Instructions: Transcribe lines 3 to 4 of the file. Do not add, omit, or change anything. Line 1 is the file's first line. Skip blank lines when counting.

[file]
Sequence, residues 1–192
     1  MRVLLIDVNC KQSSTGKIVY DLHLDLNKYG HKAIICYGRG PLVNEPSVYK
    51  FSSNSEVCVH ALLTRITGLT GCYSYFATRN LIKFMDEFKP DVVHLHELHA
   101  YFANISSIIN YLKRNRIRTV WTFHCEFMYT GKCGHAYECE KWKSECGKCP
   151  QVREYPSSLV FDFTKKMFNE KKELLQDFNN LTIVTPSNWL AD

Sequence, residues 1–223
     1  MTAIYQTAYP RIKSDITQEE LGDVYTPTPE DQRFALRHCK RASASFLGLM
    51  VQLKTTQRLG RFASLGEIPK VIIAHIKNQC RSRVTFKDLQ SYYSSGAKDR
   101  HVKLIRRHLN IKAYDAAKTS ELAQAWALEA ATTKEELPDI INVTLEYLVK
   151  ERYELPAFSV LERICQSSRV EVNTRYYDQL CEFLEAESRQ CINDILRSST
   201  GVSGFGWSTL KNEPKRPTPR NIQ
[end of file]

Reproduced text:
    51  FSSNSEVCVH ALLTRITGLT GCYSYFATRN LIKFMDEFKP DVVHLHELHA
   101  YFANISSIIN YLKRNRIRTV WTFHCEFMYT GKCGHAYECE KWKSECGKCP